The problem is money. Despite Russian President Vladimir Putin’s brutal war against Ukraine and subsequent Western sanctions on his regime, Russia is swimming in petrol dollars. By the end of the year, the Russian Economy Ministry estimates that the country will have made a record $338 billion from its energy exports. This money supports the Russian economy, buoys its current account, and – less directly – helps to finance Putin’s war against Ukraine.
Finally, there is a historic precedent. A previous international price-fixing scheme failed — spectacularly. In the 1990s, the UN’s disastrous Oil for Food Program inadvertently created a corrupt patronage system for artificially cheap barrels of Iraqi crude.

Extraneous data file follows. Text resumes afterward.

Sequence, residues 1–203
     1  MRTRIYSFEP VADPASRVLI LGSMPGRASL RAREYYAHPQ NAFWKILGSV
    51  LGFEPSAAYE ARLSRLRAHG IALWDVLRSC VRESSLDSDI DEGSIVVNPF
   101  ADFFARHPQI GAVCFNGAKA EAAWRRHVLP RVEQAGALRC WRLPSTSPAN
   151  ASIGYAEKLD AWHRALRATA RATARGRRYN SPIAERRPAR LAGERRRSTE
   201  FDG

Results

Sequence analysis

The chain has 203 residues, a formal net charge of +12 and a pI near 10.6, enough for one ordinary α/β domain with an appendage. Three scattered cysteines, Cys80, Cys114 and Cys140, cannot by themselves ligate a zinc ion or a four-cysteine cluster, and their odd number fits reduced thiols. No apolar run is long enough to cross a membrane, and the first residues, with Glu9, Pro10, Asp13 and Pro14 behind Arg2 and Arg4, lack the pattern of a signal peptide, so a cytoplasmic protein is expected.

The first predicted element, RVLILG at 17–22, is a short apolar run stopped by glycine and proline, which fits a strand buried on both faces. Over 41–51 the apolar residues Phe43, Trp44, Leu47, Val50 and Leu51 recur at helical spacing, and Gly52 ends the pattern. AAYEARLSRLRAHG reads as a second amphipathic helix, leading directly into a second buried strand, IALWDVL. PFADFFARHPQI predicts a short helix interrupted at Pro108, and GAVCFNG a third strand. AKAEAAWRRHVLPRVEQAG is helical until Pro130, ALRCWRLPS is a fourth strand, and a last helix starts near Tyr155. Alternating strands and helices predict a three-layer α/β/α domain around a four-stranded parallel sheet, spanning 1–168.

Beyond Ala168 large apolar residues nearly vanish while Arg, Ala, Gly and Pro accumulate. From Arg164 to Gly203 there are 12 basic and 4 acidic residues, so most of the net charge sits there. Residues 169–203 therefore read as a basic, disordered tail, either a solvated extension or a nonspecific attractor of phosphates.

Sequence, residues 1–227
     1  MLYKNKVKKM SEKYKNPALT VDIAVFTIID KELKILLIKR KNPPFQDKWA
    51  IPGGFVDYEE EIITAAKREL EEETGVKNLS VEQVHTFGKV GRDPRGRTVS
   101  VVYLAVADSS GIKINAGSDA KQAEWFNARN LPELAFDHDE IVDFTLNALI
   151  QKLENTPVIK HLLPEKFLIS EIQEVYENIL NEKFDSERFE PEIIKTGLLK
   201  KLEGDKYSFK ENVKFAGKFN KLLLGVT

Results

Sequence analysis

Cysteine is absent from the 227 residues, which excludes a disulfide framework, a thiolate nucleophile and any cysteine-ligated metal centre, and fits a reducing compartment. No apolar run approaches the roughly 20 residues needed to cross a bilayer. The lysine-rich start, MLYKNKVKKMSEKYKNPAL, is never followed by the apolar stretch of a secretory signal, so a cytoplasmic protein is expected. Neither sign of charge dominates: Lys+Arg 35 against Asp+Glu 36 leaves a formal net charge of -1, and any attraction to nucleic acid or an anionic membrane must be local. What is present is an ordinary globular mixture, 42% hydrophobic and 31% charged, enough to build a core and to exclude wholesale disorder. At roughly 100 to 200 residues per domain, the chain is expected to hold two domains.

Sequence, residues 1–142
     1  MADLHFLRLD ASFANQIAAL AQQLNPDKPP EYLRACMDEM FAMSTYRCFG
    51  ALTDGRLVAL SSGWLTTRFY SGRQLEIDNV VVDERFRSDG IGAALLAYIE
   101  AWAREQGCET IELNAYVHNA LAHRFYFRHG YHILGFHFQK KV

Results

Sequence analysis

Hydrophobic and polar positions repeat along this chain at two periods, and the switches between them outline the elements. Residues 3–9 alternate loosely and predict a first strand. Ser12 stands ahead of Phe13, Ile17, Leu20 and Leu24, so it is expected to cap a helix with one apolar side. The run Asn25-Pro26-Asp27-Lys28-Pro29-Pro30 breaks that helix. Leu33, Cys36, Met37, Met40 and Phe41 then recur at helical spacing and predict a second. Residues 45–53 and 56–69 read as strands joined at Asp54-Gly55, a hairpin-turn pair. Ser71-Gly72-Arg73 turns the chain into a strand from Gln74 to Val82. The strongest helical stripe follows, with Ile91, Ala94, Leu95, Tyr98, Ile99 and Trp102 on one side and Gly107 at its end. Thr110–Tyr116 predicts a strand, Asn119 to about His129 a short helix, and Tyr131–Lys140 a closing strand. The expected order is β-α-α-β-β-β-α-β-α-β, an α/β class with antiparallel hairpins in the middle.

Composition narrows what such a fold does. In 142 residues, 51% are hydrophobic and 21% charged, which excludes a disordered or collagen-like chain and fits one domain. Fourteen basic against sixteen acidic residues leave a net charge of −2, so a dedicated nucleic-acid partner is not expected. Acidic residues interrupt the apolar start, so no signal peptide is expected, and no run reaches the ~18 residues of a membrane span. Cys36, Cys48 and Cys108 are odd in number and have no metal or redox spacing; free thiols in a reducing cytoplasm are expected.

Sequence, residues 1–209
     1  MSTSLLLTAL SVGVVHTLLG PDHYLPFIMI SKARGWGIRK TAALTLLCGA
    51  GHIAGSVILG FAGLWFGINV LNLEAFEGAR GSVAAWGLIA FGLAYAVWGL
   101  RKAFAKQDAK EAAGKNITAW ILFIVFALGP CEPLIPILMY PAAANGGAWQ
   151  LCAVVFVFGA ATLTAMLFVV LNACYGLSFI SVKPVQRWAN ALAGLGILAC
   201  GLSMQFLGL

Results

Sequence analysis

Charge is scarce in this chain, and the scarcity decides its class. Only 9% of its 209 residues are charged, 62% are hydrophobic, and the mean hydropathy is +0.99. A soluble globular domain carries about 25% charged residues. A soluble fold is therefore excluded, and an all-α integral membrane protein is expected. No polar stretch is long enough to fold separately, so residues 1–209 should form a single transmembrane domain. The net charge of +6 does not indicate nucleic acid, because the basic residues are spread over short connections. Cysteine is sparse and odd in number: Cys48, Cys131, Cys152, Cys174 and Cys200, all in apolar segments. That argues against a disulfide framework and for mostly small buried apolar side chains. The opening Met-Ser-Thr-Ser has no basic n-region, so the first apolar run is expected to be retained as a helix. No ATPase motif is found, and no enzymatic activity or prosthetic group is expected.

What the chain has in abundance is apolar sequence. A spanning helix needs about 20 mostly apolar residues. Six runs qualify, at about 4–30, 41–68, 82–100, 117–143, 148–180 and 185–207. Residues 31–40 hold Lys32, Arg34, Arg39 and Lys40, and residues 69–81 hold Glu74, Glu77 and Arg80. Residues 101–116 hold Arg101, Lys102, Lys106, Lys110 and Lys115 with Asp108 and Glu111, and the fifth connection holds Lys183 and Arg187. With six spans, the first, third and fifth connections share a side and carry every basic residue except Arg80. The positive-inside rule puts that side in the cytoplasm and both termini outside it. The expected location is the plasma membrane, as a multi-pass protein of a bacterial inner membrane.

Assuming that EU and G-7 leaders can sort out their current price puzzle and fix Russian crude below what the international market would prefer to pay, who will pick winners and losers in the subsequent scramble for cheap Kremlin oil: Putin and his energy cronies? Will corrupt kickback “fees” be required to purchase these newly discounted barrels of crude — as was the case in the UN’s Oil for Food Program? And if Moscow goes along with this scheme, the gold rush for potentially low-cost Russian barrels may inadvertently increase the Kremlin’s power as a kingmaker and rainmaker of petroleum fortunes.The Russian oil debacle | The Hill